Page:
A Critical Critique of Criticism- I Samuel 31

So the craziest thing happened this week. I was being critical of my husband.
I wish I could say that was the unusual part, but sadly it was not. I’ll get to the crazy part in a minute.
But first, confession time.
More often than not, my problem solving, black and white, over analyzing brain comes in handy. However, on the “not” side I struggle with being critical. The strange thing is I am more critical of my own self than I am of anyone else. God is freeing me, little by little.
Being critical is obviously wrong. Except when it’s not so obvious. For instance, often times we may have good motives. Take my beloved, late, great-aunt. Truly, her motives were good. She legitimately wanted to help. But her methods could appear critical. Here’s an example. Just today my mom and I were remembering how I finally got braces. My teeth weren’t awful. They were mostly straight, but I had this one tooth that did not quite fit. One tooth. Of course that was enough for which the boys to tease me.
Sabe. Short for sabor, as in the tiger, with the teeth.
Nice nickname huh? I like to believe the teasing I received during those years taught me grace and compassion. But as a middle-schooler, it just really stunk. Anyway, my sweet, well intentioned aunt would ask me weekly if that tooth had settled in. After the 36th time, during my senior year, I finally smiled and said, “I think this is as good as it gets. But if you would like to sponsor some braces, I will gladly make an appointment.”
“Make the appointment.”she declared without hesitation. “ I’ll take care of it.” And that was it. I got braces.
Was she critical? Yes, but her motives were true, and she was willing to help.
So I guess I come by it honestly. Critiquing. It’s human nature. Monday morning quarter backs. Blogs criticizing any and everything. Editorials. It’s what we do. But it can kill any marriage, any relationship, or any church, and on the grand scale, make this bride of Christ look less than bridely.
And I was doing it.
Again.
“Lord,” I thought. “I don’t want to do this anymore.”
Knowing my strength comes from God’s word,  I decided  to grab my Bible.
What are the chances that in I Samuel 31, my next chapter, God would have a lesson for me? I remembered reading about being an armor bearer  earlier this year and wondered, would that concept be revisited.
A little discouraged, but mostly determined, I picked up my Bible and read. Tears in my eyes, and an overwhelming feeling of being loved in my heart, I could not believe what I was reading. How, over and over, does this keep happening? God’s word. My daily bread. Just what I need.
This is what I read. This is the crazy part.
 The Philistines fought against Israel, and Israel’s men fled from them. Many were killed on Mount Gilboa. 2 The Philistines overtook Saul and his sons and killed his sons, Jonathan, Abinadab, and Malchishua. 3 When the battle intensified against Saul, the archers caught up with him and severely wounded him.[a] 4 Then Saul said to his ARMOUR_BEARER. “Draw your sword and run me through with it, or these uncircumcised men will come and run me through and torture me.” But his armor-bearer WOULD NOT DO IT ….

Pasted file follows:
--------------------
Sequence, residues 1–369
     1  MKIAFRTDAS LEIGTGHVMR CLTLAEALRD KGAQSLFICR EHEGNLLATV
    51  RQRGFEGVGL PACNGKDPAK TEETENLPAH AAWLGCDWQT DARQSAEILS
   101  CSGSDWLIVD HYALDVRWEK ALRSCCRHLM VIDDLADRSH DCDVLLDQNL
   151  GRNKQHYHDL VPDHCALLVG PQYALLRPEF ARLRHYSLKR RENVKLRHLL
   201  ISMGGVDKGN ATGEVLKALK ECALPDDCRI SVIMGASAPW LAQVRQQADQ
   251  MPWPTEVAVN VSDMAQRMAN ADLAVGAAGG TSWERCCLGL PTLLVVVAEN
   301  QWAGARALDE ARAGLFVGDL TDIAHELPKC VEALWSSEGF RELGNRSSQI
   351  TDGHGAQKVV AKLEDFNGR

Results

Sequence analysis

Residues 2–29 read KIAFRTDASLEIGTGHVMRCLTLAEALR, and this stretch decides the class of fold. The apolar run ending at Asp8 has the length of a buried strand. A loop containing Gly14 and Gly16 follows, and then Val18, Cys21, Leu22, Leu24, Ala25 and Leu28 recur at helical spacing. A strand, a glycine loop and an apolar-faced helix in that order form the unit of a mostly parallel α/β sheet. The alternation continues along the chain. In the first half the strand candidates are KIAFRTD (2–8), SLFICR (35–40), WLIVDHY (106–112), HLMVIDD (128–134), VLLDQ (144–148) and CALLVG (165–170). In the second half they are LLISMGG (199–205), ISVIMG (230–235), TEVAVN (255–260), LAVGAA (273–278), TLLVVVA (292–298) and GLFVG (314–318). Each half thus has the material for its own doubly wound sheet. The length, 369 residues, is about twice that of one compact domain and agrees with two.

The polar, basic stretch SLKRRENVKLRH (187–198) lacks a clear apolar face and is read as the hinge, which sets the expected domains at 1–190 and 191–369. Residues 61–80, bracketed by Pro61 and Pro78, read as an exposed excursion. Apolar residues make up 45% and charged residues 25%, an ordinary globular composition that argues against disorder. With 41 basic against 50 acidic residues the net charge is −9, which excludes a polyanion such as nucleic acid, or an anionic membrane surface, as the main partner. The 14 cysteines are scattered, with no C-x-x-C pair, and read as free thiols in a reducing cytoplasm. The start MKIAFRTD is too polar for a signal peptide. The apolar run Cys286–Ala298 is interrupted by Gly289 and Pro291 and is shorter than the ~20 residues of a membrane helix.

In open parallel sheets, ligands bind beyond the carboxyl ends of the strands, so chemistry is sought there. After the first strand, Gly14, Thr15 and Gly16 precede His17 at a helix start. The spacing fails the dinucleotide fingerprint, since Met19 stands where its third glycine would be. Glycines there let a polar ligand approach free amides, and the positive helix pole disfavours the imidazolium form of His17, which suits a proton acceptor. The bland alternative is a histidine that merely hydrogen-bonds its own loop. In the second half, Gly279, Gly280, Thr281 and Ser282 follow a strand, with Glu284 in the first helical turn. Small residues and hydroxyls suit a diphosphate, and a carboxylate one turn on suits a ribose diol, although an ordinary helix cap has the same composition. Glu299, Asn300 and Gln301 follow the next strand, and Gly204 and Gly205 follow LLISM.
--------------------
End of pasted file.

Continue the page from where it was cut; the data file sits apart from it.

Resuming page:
Saul had an armor-bearer. He was trained to do whatever Saul commanded. And in his moment of utter despair Saul asked his armor-bearer to take his life. But he couldn’t. In this moment,when it came to choosing between following orders, or preserving his master’s life, Saul’s armor-bearer chose the latter.
He would not and could not take part in destroying the man to whom he had committed to serve.
Even if it made sense. Even if his motives would have been right.
And this is the power of God’s Word. I started writing this a week ago and have been meditating on it ever since. If you only knew the number of times it has come to mind, how many times God reminded me of what I had read, and how many times these words stopped me in my tracks, well, it would be embarrassing.
But the point is not my weak nature, the point is the power of His Word to change.
It’s easy to say, “Don’t be critical.” But there is no power in my words. Thankfully, however, you don’t have to depend on my words. You have better than that. You have God’s word. And it does not return void.
The next time you are tempted to be critical of anyone, yourself included, take it to God first. What is the point of your criticism? To make yourself feel better? Going to God will solve that! Is it to “help” a person or situation? Going to God will solve that too!! Of course there is a time and a place to step into someones life and lovingly address an area that in so doing would bring them closer to God. But that never looks like harsh or angry criticism.
I want to be a true armor-bearer.
For my husband, my children, my friends and family. I pray that we would go to our knees when our reaction is critical. I pray that we would take our concerns, our burdens, our plans to Him first. And that we would go to God’s word which is active and living and sharper than any two edged sword. Always. And watch the light of the Lord dispel the darkness of sin every time.
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2 thoughts on “A Critical Critique of Criticism- I Samuel 31

  1. perfect just what I needed

    Like

  2. Lauren, I so appreciate your transparency! Thank you for being a godly wife to our son!

    Like

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